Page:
Tazria’s NCAA tournament thought

Often coupled together, the parshiyot of Tazria and Metzora deal with the skin disease known as tza-ra-at.  The Rabbis regard tzara’at (leprosy) as divine punishment for slander or tale bearing (motzi shem ra).  To slander is to not be part of our community.  The Kohanim act as both spiritual guides and medical experts, diagnosing who is allowed to remain in the camp, and who must be quarantined.

The leprosy discussed in Tazria involves both the individual and their garments, while Metzora continues to deal with leprosy in the house itself (even going as far as to remove bricks from a home if they are found to have tzara’at).  Behind all of these sets of laws, is a separation, between pure and impure. There are consequences for speaking lashon hara (literally “evil tongue”).  However, Jewish law stipulates that once you are clean for a period of time, you can return to the fold.

This separation, of pure and impure, comes full circle in this week’s glance at the NCAA tournament. On one side, we have two coaches and programs on the rise. They are mid-major athletic programs with young leaders at the helm.  No one contends that their respective rides to the Final Four are in any way tarnished by misdeed.  They are teams built on pure shooting, pure grit, pure determination. Virginia Commonwealth University boasts more than 29k undergraduate students, but it isn’t support to be in the Final Four. Neither is its coach. Butler University, on the other hand, lost a 1st round draft pick from last year’s Cinderella run yet somehow made it back to the promised land.  While the two Cinderellas try to fit into one shoe, we have the other side of the bracket.  One coach begins his probation next year but can celebrate his two NCAA championships.  The other is making his 3rd appearance in the Final Four with his third different program, but his record so far is 0-0.  That’s because both programs came under scrutiny immediately after he departed.  The banners have been removed, the records do not exist.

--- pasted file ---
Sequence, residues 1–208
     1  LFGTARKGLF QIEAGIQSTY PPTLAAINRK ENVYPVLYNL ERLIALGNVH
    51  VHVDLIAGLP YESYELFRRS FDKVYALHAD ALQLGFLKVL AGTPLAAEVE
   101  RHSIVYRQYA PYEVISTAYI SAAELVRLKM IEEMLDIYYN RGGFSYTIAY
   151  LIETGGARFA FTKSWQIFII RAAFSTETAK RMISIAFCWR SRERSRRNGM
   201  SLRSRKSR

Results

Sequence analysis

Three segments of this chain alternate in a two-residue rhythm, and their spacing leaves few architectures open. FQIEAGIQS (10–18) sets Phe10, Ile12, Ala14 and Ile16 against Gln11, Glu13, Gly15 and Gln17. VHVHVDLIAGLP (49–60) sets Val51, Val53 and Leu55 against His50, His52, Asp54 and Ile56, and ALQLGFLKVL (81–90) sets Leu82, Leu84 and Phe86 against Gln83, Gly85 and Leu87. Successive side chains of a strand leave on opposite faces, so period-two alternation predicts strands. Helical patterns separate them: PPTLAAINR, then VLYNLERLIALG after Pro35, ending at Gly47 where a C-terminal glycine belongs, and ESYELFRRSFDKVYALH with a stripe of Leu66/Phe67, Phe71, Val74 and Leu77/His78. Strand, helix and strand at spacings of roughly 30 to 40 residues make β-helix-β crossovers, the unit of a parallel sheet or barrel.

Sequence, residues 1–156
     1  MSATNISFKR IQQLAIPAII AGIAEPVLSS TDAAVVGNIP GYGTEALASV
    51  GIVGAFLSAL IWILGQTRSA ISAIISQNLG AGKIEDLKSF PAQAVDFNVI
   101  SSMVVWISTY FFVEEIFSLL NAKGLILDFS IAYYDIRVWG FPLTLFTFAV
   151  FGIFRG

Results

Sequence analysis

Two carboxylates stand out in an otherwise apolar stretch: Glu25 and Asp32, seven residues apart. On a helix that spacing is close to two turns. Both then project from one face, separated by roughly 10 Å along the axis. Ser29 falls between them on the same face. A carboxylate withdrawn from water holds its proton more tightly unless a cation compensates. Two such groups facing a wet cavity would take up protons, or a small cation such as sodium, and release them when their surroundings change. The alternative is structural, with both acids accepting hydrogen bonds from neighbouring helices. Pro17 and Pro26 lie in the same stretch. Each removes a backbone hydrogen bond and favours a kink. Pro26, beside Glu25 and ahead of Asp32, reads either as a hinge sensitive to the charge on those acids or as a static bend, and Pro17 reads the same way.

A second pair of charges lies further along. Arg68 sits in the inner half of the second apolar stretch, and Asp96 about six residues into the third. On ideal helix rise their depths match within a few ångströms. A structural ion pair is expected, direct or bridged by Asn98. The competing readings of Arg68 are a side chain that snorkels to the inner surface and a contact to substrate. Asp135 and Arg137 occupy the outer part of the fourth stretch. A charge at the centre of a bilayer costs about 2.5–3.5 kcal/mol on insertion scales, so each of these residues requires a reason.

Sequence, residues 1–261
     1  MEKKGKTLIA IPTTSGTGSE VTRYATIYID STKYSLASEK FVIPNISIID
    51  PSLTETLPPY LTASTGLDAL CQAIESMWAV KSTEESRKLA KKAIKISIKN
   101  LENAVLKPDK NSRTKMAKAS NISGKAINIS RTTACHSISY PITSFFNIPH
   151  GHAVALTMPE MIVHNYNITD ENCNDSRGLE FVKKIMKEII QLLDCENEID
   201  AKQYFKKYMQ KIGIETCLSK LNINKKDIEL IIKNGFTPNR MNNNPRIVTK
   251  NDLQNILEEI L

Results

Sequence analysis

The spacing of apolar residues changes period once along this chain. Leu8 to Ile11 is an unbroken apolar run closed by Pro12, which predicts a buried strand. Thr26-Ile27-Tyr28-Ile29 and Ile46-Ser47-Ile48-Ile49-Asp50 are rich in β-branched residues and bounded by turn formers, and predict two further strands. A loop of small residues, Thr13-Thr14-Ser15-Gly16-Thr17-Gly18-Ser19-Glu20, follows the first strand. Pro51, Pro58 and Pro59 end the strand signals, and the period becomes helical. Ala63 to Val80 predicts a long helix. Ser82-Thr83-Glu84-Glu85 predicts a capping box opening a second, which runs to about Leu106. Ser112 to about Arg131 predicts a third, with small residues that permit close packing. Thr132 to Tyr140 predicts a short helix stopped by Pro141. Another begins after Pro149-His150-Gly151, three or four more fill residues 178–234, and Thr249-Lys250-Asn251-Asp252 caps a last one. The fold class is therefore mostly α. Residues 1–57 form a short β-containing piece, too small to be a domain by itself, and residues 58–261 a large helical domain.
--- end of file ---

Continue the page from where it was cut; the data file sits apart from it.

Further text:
One side pure, the other, maybe not so pure.  On one hand, Jewish law allows for the return of those who were deemed impure back into our midst.  While they may have been impure before, I hope and pray that this amazing tournament will have a pure champion.  I hope that the coaches and universities play by the rules, or else we might all go to quarantine.

Posted on March 30, 2011, in Hazzan's Monday Morning Quarterback. Bookmark the permalink. Leave a comment.

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